Grand Parade Campus, University of Brighton
Client: University of Brighton, Brighton and Hove City College
Build Cost: £140K + product donations + volunteer labour
Contractor: Mears Group and their apprentices in collaboration with Brighton and Hove City College students
BBM Responsibilities: Project Architect, material searches and research and contract administrator
The brief for this project was to design and construct a permanent academic building that was also an open studio for use by local community groups, businesses, schools & colleges. The ambition was also to construct the building using material discarded by others and crucially to do this including students and other young people in the design and build process; to use these processes as a ‘live’ pedagogic tool.
The Brighton Waste House as it became known was opened in June 2014 and continues to be a ‘live’ on-going research project and permanent new design workshop (it is not a dwelling) focused on enabling open discussion and understanding of sustainable development. It is situated on campus at The University of Brighton’s College for Arts & Humanities at Grand Parade. Designed by Senior Lecturer & Architect Duncan Baker-Brown, together with undergraduate architecture & interior architecture students, this project was built by apprentices from The Mears Group, students from City College Brighton & Hove and The Faculty of Arts as well as volunteers. In all over 350 students helped with the project.
The Brighton Waste House is the first permanent ‘carbon negative’ public building in Europe to be constructed from approximately 90% waste, surplus material & discarded plastic gathered from the construction and other industries, as well as our homes. It has Full Planning & Building Regulations Approvals. It tries to prove “that there is no such thing as waste, just stuff in the wrong place!” The project continues a line of research by BBM considering truly sustainable sources of materials and construction systems, or to be more precise truly ‘circular metabolisms’ that will one day help create a ‘Circular Economy’. Baker-Brown’s experience on this project has enabled him to write a book ‘The Re-Use Atlas: A designers guide towards a Circular Economy’.
About 65% of the waste material utilised in this building is from the notoriously wasteful construction industry (around 20% of construction material ends up in landfill-WRAP). However the idea was developed further with Cat Fletcher founder of FREEGLE UK. Cat suggested the we draw attention to the huge environmental consequences of throwing away everyday consumable domestic objects, as well as including other industrial waste streams in the project. Therefore the Waste House also ‘locks’ other sources of waste material, often utilising it as low to medium grade insulation.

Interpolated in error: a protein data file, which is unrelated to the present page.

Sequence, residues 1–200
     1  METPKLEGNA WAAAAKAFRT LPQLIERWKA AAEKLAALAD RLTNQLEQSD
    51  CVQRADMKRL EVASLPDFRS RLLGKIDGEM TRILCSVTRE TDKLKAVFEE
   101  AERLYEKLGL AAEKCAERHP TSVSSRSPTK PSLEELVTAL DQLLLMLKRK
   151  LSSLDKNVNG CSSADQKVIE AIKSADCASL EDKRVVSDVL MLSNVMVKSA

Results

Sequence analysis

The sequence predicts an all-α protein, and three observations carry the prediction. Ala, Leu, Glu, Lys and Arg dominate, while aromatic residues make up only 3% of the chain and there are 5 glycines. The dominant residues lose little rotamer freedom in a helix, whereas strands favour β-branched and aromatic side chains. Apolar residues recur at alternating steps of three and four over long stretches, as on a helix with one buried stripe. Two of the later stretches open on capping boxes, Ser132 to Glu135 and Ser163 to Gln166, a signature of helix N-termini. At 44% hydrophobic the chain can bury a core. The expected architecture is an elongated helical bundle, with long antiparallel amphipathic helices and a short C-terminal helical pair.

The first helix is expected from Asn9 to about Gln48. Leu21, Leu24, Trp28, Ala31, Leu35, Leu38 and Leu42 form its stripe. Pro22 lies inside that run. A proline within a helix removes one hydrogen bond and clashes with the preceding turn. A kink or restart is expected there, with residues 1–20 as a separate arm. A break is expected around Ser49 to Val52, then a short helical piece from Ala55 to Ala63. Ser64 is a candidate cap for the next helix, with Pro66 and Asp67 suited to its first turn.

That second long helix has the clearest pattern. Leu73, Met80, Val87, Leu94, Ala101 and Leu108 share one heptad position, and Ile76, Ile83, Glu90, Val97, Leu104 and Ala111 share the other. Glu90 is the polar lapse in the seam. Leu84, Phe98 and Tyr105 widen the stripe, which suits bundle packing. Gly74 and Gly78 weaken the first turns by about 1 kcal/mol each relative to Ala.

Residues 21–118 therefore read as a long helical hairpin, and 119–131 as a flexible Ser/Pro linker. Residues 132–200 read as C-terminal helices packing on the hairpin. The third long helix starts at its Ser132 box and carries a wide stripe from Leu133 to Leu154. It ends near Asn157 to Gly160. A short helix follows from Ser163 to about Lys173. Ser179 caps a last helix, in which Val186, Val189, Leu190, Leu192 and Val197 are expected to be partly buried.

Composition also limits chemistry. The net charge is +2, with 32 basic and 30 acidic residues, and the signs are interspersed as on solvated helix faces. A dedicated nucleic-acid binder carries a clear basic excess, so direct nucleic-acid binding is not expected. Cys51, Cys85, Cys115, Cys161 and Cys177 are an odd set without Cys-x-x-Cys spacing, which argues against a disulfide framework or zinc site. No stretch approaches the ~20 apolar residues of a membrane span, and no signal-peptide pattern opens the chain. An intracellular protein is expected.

In the meantime we are currently testing the performance of the unusual fabric of the Waste House. For example The Faculty of Science & Engineering embedded sensors in the external walls to monitor their performance. We are also ‘locking’ toxic plastic waste to draw attention to the fact that most plastics end up in our ocean GYRE’S. Our ambition is to create a lively debate within and beyond the world of architecture & design about the huge potentials within what is broadly called ‘The Circular Economy’, and by default to encourage creative thought while highlighting that many positive things are actually happening in UK and beyond; people are already busy trying to sort out these problems, and the Waste House is able to provide inspiration for students, professions and community groups who are interested in contributing to this knowledge exchange.
One of the main aims of the project was to prove “that there is no such thing and waste, just stuff in the wrong place”. It is also an exercise in truly open accessible collaborative design and construction. This innovative low energy building was constructed completely by students & volunteers as young as 15 years old. Most were around 17 years old.
In addition during the 12 month construction period the Waste House site was visited by more than 750 primary and secondary school pupils, many of which brought their old tooth brushes to help fill the wall cavities. Every pupil attended a presentation about the themes and issues relating to the project (discussed above).
Now an open design research studio, run in partnership with our colleagues delivering the Sustainable Design MA on campus who us it as their teaching studio for two days a week, the Brighton Waste House is be available to schools, colleges and community groups for ‘green’ themed events and any interested parties can join in with sustainable design workshops and events curated by designers, artists, makers, builders, scientists writers-in-residence, whoever is interested.
For further information check out the Waste House website: http://arts.brighton.ac.uk/projects/wastehouse